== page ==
Building a Prince George’s County Second-Offense DUI Defense

Risking a trial or guilty verdict without placing your best foot forward could seriously impede your chances of a lighter sentence. A court’s leniency only extends so far. Fortunately, there are experienced attorneys who could help alleged offenders by building a Prince George’s County second-offense DUI defense.

By electing to retain the services of an attorney, you could demonstrate to the court that you intend to do everything in your power to prevent a DUI in the future.

How Prince George’s County Lawyers Build Second-Offense DUI Defenses

Defense attorneys build a second-offense DUI defenses the same as a first. They are identical in every way except for no longer calling the defendant as their witness. While it is almost never a good idea to call a defendant as a witness for a DUI case, it is certainly not a good idea in the case of subsequent arrests. Defense attorneys simply cannot risk cross examination by the prosecution. The reliability of a defendant’s statements and because they had a prior, the judge would probably determine that they did not learn anything from the first offense. The attorney would need to be careful when putting their evidence together and rely on what is there to build their strategies. Obvious things like body-worn cameras of the officers that show the event and the location could be more readily relied upon.

The main strategy is to show the defendant in the best light possible and build their defense in such a fashion to give the defendant options. It is always great to win, but an attorney cannot expose their client to something that would create more of a problem. Because of this, there are some things that should not be presented in court. Sometimes an agreement to plead is a good idea to contain certain facts and not have them placed on the record. The judge will make a decision based upon the recommendations from the State regarding an agreed-upon plea of some sort. This form of mitigation could not be used if a defendant were to go to trial. In a trial, more things come out:

  • The attitude of the individual
  • How they interact
  • Things they said to the police
  • Things that were said after

A body camera would likely be played in court as the State’s evidence to substantiate the State’s position toward the defendant.

Presenting all those things could be problematic because it may not show the defendant in one of their better moments. As a second offense, the attorney cannot say it was an aberration of character because it has happened once before.

The Effects of a Second-Offense DUI on a License in Prince George’s County

Depending on the timing of their second-offense DUI, it is more likely than not that defendants end up on the “ignition interlock program” for no less than 12 months and sometimes longer. The Maryland Vehicle Administration (MVA) has every right to consider sending them to the Medical Advisory Board, thinking that they may have an alcohol problem that must be dealt with. Upon a conviction, the judge could order the “ignition interlock program” for the term of their probation. If the judge puts them on probation for 24 months, the judge could also order the “ignition interlock program” for all 24 months of court probation. That is an extensive amount of time and a very expensive amount of time to be on that device.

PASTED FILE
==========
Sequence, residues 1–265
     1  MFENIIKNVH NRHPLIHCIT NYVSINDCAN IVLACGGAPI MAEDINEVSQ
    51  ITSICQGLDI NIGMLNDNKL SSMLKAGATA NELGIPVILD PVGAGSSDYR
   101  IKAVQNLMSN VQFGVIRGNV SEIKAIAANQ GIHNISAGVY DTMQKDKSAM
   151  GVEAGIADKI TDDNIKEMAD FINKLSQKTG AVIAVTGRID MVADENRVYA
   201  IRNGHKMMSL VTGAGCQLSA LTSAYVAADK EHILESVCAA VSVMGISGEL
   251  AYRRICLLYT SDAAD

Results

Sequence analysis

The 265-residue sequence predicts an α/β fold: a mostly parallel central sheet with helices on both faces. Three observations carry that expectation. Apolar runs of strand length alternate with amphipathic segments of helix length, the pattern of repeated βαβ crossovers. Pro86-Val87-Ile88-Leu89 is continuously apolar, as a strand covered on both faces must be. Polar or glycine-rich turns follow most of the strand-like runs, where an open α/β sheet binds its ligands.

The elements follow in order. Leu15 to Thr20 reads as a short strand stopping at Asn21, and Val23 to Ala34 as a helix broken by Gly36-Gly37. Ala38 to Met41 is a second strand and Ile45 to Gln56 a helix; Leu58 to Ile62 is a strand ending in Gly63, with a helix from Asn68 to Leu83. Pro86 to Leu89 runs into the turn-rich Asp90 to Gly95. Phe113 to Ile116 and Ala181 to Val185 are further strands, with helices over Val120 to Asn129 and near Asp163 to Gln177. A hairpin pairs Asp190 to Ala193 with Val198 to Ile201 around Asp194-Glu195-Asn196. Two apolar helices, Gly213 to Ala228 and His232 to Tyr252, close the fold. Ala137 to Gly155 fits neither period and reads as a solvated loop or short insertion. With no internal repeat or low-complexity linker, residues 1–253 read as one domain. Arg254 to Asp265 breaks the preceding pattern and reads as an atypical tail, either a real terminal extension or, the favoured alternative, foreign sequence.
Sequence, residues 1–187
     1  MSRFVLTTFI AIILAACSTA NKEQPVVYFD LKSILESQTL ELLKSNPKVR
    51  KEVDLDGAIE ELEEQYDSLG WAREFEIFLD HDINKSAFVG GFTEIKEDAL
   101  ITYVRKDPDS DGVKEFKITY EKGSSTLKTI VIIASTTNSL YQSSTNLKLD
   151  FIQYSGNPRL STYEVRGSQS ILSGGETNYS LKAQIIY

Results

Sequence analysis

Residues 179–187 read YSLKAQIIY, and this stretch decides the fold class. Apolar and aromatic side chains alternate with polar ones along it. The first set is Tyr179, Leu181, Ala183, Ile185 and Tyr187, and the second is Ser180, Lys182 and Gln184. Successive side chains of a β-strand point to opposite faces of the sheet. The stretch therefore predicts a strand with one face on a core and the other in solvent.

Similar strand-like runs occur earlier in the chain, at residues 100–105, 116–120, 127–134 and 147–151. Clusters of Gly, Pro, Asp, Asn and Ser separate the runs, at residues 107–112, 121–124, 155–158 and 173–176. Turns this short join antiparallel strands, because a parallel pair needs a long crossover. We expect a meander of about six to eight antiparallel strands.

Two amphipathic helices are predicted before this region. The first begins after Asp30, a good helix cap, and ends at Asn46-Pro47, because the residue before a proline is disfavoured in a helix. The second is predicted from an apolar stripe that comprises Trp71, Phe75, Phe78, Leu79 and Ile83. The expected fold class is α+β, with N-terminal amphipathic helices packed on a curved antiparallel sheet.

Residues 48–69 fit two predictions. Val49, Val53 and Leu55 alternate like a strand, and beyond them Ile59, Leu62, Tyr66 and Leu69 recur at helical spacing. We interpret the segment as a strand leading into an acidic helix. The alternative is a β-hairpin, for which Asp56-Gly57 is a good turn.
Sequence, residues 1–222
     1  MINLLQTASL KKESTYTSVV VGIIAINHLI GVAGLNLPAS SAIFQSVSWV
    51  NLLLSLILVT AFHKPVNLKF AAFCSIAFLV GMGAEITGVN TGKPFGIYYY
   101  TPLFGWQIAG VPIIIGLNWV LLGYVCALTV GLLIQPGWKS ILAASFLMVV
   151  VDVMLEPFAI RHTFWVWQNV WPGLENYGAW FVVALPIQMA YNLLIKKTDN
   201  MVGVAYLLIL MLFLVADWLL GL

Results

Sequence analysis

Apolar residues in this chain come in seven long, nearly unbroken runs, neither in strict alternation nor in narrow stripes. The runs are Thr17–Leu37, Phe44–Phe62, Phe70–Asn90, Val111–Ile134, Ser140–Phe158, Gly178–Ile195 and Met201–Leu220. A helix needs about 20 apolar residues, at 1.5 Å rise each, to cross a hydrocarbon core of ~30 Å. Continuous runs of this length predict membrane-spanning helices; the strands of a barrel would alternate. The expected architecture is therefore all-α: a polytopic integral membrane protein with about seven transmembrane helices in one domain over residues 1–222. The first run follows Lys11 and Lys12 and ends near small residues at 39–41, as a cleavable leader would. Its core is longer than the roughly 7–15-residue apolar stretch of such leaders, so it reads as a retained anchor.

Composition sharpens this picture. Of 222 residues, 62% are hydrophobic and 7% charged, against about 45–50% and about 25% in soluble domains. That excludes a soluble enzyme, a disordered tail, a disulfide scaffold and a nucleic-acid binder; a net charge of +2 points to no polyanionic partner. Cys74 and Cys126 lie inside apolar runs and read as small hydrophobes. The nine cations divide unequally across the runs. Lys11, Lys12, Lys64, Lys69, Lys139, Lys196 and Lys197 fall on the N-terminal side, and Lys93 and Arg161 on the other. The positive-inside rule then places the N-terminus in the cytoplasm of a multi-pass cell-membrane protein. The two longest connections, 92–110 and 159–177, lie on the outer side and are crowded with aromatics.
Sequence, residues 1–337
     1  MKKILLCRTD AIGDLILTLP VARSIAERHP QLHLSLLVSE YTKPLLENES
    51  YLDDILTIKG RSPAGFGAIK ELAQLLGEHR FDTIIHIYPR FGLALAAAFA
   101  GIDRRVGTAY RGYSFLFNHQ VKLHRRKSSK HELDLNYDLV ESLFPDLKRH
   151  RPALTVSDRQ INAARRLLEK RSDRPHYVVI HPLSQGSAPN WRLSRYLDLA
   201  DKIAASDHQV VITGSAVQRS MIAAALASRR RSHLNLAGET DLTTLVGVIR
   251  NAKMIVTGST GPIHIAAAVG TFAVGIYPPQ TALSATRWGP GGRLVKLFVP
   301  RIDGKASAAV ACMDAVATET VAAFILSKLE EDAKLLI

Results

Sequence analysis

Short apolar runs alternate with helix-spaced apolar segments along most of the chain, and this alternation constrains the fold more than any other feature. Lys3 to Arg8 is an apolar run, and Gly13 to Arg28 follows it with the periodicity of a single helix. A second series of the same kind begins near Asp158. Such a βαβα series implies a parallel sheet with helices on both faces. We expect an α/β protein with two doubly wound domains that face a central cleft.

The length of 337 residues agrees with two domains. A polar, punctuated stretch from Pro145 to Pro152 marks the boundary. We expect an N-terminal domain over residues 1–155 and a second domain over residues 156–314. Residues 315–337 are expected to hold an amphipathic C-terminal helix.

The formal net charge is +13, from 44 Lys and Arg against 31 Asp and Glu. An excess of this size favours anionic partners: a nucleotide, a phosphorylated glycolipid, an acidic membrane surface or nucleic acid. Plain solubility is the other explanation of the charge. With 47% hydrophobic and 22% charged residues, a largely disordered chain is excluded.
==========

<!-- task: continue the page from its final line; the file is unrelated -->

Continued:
Next Steps Upon Conviction

If the driver is convicted of a DUI second offense, the hope is that they receive a suspended sentence or maybe one weekend in jail. Jail is certainly a strong possibility for a repeat offense. They could end up in jail for the weekend for straight time, to be served in Prince George’s County Detention Center.

How Challenging a License Suspension Changes after a Second-Offense DUI in Maryland

Challenging a driver’s license suspension is almost impossible. The way the laws are set up, the driver is not given much leeway or leniency in any way, shape, or form, to convince a judge not to suspend them. The only other possibility is placing themselves on the “ignition interlock program”. That may save their license. They could make that decision ahead of time to have the interlock installed on their car and present that as mitigation in trial in the hopes that the judge would consider that to be a showing of good faith.

Applying for a Restricted License after a Second DUI in Prince George’s Coutny

If it is a second offense DUI happening several years after the first offense and they have blown a 0.15 for that second offense, individuals absolutely may request an “administrative hearing” and ask for a restricted license. If they are convicted, they could also certainly have a points violation and ask that they be given some form of restriction for a number of days. It is purely up to an administrative judge how that turns out. Things are always possible, but people always run the risk that the judge places them on the “interlock” for the term of their probation.

Retrieving a License after a DUI Acquittal in Prince George’s County

If a person is acquitted of DUI, they still have to serve out the term of their suspension with the Maryland Vehicle Administration. Their trial in the Court had nothing to do with their license, the MVA, or the Office of Administrative Hearings. 

Connect with an Attorney Who Could Help

While honest mistakes are a part of life, the chances you have received in the past for a DUI may not extend a second time. In events like these, it is crucial that alleged offenders do everything in their power to present themselves in a favorable light to the court. With jail a serious possibility, it is not worth pleading guilty on your own. Connect with an attorney who could help by building a Prince George’s County second-offense DUI defense. Reach out today.